Renovation of the former Government Documents area in preparation for installing new compact shelving.
Portrait of Joseph Charless, Jr. is wrapped for transporting to the conservator.
Treasure from the Archives 
by Alyssa Persson
 
Throughout my first several months as the Aubash Collections Access Fellow, I have encountered many fascinating items within our collection. An item donated by Sherry Moseley which struck me is a beautiful deep purple, velvet autograph book, owned by a young woman known only as Emily. Throughout the 1880s, Emily’s friends and family from as near as Kansas City and as far away as England signed her book. Some wrote short poems; others drew her impressive illustrations. She included a charming miniature Christmas card in the front of the book as well. As I sifted through the pages, I noticed a rather touching theme. In the years that followed her book being filled, Emily had gone back to make note of when each friend had died. I felt as though I had been given a glimpse into an incredibly personal memorial, even though little is known about Emily and her life. To Emily, this autograph book was a lifelong treasure commemorating love and friendship. 
Cover
An inside illustration
Union Pacific Grant - Preserving Missouri’s Railroad Heritage
 
In July, the Union Pacific Foundation awarded the Library a $10,000 grant to support the library’s digitization efforts. This year, being Missouri’s Bicentennial year and the lead up to the Mercantile Library’s 175th Anniversary, the Barriger Library will be focusing its digitization efforts on Missouri’s railroad heritage. The Mercantile’s space on the Missouri Digital Library already is a significant collection of Missouri railroad materials, and this project will continue to add more material to this collection to help celebrate the history of railroads in Missouri and their role in the development of the state. We are grateful to the Union Pacific Foundation and the Union Pacific Corporation for their continued support of the library and for their support of this project to celebrate the history of Missouri.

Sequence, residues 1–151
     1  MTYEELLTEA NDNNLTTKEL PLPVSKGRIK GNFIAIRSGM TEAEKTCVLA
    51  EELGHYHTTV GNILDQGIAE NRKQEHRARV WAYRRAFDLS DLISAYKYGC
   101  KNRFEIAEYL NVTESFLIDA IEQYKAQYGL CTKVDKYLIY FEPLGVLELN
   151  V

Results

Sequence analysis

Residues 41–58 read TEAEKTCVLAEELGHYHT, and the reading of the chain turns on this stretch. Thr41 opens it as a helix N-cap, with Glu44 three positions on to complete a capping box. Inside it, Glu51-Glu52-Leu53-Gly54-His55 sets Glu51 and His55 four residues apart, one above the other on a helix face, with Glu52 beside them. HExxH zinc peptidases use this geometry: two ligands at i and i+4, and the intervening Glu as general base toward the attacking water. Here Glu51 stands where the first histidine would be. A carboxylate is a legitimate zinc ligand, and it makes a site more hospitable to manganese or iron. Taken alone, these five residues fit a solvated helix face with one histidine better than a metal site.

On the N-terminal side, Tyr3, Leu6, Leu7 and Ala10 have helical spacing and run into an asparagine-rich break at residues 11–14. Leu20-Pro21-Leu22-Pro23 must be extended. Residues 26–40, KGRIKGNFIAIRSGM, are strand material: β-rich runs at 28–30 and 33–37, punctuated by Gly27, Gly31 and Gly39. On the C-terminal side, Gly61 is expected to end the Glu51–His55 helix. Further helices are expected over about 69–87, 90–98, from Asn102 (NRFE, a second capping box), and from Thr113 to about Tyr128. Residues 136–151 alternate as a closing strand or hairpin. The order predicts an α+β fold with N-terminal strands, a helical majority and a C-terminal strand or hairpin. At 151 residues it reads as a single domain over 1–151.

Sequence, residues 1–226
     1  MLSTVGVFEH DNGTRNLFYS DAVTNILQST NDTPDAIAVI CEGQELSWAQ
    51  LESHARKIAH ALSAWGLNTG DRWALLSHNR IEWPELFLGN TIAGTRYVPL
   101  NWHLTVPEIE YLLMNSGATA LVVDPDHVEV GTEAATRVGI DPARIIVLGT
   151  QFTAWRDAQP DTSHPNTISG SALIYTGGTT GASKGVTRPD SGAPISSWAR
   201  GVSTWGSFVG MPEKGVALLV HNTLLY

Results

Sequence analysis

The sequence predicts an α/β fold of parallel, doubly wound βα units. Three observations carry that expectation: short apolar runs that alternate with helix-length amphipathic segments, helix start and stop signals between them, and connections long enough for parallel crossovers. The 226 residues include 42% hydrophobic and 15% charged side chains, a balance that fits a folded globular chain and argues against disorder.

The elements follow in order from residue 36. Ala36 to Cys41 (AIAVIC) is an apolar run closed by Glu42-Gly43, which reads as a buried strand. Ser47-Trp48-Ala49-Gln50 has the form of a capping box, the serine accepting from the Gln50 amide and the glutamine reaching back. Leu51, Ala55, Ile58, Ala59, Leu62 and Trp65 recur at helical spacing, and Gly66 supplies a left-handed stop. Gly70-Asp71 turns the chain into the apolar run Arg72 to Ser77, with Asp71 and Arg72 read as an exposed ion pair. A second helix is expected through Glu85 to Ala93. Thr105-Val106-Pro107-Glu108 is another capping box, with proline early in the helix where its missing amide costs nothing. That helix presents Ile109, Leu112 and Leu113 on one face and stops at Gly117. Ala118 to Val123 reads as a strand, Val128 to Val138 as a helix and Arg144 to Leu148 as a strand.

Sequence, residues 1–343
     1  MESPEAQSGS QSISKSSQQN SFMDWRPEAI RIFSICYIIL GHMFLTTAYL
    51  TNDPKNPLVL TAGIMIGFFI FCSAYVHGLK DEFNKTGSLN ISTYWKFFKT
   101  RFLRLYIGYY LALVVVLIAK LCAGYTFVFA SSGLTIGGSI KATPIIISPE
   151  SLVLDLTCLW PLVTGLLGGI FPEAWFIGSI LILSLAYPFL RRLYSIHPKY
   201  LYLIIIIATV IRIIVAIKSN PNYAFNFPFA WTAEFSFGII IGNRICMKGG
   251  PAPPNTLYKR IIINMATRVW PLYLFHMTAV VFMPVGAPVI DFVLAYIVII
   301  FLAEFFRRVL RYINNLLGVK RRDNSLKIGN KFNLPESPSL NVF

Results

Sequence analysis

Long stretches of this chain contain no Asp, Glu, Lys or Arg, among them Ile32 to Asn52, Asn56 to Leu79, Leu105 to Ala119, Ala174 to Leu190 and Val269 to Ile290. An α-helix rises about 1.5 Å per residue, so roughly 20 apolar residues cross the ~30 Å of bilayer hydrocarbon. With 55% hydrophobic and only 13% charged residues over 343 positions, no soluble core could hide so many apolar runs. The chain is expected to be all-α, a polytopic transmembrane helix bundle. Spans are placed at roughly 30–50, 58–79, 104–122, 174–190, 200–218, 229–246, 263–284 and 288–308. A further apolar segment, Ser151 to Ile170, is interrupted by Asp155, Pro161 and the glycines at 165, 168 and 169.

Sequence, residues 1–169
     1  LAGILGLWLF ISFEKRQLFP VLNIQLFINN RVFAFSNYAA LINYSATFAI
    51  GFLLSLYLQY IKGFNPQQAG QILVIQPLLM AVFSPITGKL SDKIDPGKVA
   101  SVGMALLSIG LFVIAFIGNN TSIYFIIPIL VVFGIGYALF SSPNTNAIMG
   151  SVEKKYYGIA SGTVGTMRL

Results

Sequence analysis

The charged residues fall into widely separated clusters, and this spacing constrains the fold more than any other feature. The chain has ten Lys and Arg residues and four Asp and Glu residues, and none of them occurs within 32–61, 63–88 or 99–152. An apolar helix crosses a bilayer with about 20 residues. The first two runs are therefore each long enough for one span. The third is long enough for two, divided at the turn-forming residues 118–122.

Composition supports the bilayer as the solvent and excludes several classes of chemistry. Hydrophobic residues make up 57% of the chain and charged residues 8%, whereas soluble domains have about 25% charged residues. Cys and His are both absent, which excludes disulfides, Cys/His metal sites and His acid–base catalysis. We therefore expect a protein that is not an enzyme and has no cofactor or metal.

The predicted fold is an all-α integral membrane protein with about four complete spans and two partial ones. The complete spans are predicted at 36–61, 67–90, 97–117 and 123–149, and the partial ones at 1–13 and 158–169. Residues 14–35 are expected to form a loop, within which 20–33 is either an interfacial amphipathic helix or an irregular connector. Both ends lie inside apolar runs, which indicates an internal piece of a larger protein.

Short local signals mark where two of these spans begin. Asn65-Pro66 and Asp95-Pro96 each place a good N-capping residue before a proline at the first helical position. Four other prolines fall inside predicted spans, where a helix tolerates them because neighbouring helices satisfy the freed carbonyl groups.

nota bene: The Mercantile Library is tremendously grateful to all of our donors this past spring and summer, including major contributions from the Herman T. and Phenie R. Pott Foundation, support for collection preservation from the Berry Foundation, as well as continued support for the Oliver M. Langenberg Reference Curatorship by the Pershing Trust. The Mercantile also thanks all of its members and supporters for their continuous generosity as we grow through the adversity which current events of the pandemic have caused. 
The Legacy of Ruth Ferris, River Historian